New Mesothelioma treatment increases survival rate of asbestos victims.
A new technique of treatment against Mesothelioma has been developed which leads to an increased survival rate of sufferers of asbestos related disease.
There have been developments in revolutionary treatment against Mesothelioma cancer in Toronto. Mesothelioma is a lung cancer which is exclusively linked to asbestos inhalation.
Dr. John Cho and Dr. Marc De Perrot have teamed up to pioneer a new technique that has more than doubled survival rates in Mesothelioma patients.
A Mesothelioma sufferer, Man Hong Chan from Ontario who worked as a hydro mechanic went over 20 years without being diagnosed with Mesothelioma after asbestos exposure. As well as in construction, asbestos was commonly found in motor vehicles used as the friction material for components like brakes and clutches, it was within his work that he was exposed to such deadly substances.
After beginning to feel short of breath during exercise it was confirmed by his doctor that Mr. Chan was suffering from Mesothelioma.
Mesothelioma is caused by an exposure to asbestos, only inhaled the long, thin fibres get lodged in the lungs over decades and the cancer develops in the cells in the outer lining of the lungs. Mesothelioma is so difficult to treat as some of the fibres and affected cells would escape during the surgery due to them being light weight meaning the cancer can easily spread.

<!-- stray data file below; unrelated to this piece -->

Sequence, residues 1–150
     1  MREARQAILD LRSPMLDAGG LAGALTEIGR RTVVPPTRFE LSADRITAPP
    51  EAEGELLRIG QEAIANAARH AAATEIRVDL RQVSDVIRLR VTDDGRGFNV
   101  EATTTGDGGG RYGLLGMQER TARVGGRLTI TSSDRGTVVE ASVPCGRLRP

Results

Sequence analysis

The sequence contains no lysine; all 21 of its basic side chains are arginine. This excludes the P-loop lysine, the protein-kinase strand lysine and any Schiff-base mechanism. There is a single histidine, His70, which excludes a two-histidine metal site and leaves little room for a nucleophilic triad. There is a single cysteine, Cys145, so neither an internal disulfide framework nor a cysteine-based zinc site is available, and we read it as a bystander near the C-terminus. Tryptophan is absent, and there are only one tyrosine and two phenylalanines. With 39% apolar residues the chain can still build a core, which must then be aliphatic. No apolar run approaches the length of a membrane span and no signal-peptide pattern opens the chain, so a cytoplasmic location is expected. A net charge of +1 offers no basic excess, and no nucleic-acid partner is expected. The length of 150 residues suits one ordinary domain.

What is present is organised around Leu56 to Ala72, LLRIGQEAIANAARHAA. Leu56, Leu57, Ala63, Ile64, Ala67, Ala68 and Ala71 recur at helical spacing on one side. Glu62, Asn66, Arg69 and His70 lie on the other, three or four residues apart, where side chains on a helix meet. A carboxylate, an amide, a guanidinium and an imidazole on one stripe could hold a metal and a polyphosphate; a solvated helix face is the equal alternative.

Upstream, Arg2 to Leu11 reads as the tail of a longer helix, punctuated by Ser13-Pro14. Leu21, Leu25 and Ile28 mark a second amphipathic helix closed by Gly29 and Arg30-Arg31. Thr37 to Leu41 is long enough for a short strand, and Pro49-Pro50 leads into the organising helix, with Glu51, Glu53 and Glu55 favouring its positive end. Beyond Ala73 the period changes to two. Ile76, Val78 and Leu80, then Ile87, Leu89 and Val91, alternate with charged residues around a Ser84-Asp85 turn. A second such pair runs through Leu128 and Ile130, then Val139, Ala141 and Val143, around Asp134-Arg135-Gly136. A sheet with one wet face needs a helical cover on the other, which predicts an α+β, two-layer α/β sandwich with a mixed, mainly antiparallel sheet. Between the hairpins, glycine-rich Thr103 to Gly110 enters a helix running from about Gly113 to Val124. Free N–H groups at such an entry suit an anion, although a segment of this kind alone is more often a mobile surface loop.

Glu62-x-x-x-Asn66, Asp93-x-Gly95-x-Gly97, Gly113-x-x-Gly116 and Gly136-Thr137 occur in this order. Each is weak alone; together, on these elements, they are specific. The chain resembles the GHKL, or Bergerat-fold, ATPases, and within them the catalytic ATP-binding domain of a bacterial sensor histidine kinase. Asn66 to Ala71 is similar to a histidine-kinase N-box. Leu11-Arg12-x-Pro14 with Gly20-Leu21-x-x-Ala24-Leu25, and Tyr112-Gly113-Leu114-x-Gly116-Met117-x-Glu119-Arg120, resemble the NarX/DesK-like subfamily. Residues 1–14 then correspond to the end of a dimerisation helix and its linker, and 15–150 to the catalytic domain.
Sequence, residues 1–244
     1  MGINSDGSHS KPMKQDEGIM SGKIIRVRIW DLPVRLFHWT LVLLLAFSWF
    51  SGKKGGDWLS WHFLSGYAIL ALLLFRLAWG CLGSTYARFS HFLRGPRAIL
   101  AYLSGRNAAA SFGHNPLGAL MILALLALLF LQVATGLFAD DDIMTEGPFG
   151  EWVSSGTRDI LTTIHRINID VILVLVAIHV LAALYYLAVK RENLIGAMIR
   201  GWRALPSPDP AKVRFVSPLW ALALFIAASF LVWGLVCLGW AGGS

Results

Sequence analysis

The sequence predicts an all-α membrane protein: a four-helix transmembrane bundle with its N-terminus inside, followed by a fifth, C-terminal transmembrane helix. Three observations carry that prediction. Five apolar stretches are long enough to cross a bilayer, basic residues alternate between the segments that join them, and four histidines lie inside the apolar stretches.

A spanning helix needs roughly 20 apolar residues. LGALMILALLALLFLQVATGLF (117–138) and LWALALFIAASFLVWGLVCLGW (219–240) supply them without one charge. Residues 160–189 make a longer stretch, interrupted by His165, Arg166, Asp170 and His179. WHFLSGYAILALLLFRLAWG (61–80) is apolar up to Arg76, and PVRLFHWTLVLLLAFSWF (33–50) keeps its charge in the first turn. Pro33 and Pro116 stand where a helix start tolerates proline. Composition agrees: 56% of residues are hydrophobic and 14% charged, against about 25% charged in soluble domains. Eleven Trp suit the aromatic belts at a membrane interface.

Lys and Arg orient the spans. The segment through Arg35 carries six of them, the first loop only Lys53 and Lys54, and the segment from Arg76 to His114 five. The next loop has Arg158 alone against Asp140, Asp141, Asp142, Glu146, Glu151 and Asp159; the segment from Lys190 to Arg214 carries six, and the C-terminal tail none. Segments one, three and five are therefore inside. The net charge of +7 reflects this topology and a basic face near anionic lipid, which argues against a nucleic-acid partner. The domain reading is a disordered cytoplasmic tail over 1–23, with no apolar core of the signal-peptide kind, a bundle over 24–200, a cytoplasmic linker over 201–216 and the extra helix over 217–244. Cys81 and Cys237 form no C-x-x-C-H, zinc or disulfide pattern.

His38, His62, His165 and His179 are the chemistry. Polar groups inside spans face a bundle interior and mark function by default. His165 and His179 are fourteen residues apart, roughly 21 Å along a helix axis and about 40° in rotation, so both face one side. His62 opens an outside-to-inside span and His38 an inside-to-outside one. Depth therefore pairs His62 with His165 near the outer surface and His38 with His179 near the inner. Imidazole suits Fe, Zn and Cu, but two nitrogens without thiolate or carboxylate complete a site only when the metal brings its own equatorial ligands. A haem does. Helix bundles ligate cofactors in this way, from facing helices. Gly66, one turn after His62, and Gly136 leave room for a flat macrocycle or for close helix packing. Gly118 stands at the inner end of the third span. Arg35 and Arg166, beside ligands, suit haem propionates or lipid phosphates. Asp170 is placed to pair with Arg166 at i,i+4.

Traditional treatments against Mesothelioma often involve chemotherapy or surgery including removing a lung, followed by radiation treatment in a hope to kill any remaining fibres or cancers. The new technique kills cells using radiation before surgery instead of after; ensuring any cancer cells that are left over cannot spread and are not viable. The technique has been named SMART, Surgery for Mesothelioma After Radiation Therapy.
Thanks to this new therapy, Mr. Chan has now been cancer free for more than 4 years. The treatment is said to draw attention and raise awareness of Mesothelioma and its treatments. The SMART surgery is said to have doubled the 3 year survival rate from 32% to 72%.
The new treatment started being tested 5 years ago and the survival rates of patients could continue to increase and lengthen. Due to the extended time between diagnosis and exposure, high rates of Mesothelioma are unlikely to decrease yet. Asbestos was banned in 2000 and whilst exposure has been reduced it has not been eradicated as it is still present in older buildings as well as being legal still in some countries including the United States and Canada.
Average survival rates are only 8-12 months from diagnosis but Dr Cho and Dr. De Perrot advise seeking early referral can play a large part in treatment and increasing survival rates as treatment is fast and often done within a month of diagnosis.